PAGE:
Task Force Offers Recommendations for EHR Challenges

Despite fast adoption of electronic health records (EHRs) over the past 5 years, many clinicians have voiced concerns about the unintended clinical consequences of EHR use, such as reduced time for patient-clinician interactions, burdensome data entry tasks for front-line clinicians, and interoperability troubles.

Despite fast adoption of electronic health records (EHRs) over the past 5 years, many clinicians have voiced concerns about the unintended clinical consequences of EHR use, such as reduced time for patient-clinician interactions, burdensome data entry tasks for front-line clinicians, and interoperability troubles.

In response to these challenges, the American Medical Informatics Association (AMIA) created the multidisciplinary EHR 2020 Task Force to develop recommendations. The Report of the AMIA EHR 2020 Task Force on the Status and Future Direction of EHRs focuses on near-term strategies to address current EHR challenges.

“Health information technology is a key part of enhancing health and healthcare, and empowering patients to be first-order participants in their care,” AMIA President and Chief Executive Officer Douglas B. Fridsma, MD, said in a statement. “As part of this report, we listened to our members who work closely with EHRs to understand the current challenges. We think these recommendations will improve the value that EHRs will provide to patients, and set the stage for more significant benefit in the future.”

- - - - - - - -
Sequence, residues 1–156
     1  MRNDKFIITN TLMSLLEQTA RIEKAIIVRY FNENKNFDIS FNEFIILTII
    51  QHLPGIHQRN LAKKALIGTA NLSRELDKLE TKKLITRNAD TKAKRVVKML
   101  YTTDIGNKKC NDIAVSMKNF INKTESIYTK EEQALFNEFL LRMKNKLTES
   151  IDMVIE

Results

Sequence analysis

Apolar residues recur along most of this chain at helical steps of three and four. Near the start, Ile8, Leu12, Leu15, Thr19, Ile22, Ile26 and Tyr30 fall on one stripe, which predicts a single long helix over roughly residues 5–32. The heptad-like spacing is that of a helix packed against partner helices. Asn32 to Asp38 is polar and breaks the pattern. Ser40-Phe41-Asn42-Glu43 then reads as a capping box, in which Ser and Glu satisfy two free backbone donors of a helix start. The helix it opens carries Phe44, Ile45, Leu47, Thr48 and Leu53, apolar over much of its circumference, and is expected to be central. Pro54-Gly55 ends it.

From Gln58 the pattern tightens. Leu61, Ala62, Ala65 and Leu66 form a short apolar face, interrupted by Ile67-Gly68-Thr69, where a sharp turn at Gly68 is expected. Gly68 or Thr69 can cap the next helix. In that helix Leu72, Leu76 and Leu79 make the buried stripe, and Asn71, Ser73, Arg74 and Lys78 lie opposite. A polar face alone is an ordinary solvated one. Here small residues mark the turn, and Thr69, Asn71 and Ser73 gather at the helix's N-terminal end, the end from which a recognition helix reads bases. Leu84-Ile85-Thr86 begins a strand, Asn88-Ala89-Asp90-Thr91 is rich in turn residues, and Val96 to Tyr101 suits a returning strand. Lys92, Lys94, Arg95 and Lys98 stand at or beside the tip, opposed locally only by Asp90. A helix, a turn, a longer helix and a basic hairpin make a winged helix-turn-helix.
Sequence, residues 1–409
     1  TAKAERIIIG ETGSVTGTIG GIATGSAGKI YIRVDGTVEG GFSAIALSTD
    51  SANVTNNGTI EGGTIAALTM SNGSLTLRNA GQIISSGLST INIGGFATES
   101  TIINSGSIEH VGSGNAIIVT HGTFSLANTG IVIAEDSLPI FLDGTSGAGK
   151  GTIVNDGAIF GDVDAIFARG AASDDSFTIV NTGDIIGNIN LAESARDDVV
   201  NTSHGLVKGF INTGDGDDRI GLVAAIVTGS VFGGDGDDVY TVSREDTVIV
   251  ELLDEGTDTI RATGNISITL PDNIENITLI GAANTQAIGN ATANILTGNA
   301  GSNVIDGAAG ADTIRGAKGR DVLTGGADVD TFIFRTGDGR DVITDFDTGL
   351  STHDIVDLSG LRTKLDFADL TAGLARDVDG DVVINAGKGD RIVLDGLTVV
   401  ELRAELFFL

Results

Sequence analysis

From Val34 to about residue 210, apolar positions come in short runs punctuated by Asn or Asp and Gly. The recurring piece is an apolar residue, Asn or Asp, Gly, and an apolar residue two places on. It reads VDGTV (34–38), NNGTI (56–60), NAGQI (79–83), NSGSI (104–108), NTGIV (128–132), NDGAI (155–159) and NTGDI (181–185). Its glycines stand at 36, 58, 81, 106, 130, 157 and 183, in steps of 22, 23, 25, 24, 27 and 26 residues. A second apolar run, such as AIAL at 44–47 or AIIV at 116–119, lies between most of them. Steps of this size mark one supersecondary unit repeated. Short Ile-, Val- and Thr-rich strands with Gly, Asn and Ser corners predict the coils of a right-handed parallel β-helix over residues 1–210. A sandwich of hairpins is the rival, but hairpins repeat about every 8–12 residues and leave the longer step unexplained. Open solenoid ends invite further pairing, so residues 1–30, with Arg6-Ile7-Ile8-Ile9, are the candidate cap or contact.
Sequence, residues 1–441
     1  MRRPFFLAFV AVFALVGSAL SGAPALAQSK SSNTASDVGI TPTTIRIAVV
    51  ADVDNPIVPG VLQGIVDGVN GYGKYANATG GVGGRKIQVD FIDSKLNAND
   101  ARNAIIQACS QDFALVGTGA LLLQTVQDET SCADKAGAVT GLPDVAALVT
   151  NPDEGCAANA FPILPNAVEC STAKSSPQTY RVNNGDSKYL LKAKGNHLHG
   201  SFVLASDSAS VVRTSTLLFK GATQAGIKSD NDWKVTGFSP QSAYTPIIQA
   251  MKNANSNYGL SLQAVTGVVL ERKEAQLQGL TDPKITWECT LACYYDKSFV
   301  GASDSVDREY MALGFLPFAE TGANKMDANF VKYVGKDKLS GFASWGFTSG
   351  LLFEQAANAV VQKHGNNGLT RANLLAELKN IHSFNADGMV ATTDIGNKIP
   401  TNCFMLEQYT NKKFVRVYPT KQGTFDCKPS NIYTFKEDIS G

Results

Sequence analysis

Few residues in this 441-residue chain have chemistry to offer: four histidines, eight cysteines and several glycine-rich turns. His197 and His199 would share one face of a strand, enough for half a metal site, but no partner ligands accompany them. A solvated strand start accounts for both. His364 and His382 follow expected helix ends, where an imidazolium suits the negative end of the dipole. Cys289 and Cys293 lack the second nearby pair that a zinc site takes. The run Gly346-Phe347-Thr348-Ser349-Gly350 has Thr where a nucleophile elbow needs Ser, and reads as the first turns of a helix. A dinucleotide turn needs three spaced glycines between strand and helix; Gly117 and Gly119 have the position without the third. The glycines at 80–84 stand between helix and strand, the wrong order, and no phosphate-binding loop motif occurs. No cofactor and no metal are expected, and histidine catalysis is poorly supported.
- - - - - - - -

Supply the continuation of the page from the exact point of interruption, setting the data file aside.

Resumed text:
Despite the unintended consequences of EHRs, the technology can be used to optimize both safety and efficiency, which was the goal of the Task Force. Thomas H. Payne, MD, chair of the Task Force, and colleagues wrote that the report also focused on the issues of greatest concern today and on directions for the next 5 years.

The Task Force identified 10 recommendations in 5 areas: simplify and speed documentation; refocus regulation; increase transparency and streamline certification; foster innovation; increase transparency and streamline certification. The full recommendations have been published online in the Journal of the American Medical Informatics Association.

“The problems we face today in EHR use are complex and solutions will not be simple or quick. Solving these problems will require regulatory stability, the development of an acceptable threshold ‘barrier to entry’ into the EHR marketplace, and a supportive national policy.”

However, AMIA remains positive about EHRs and notes that the current issues can be solved.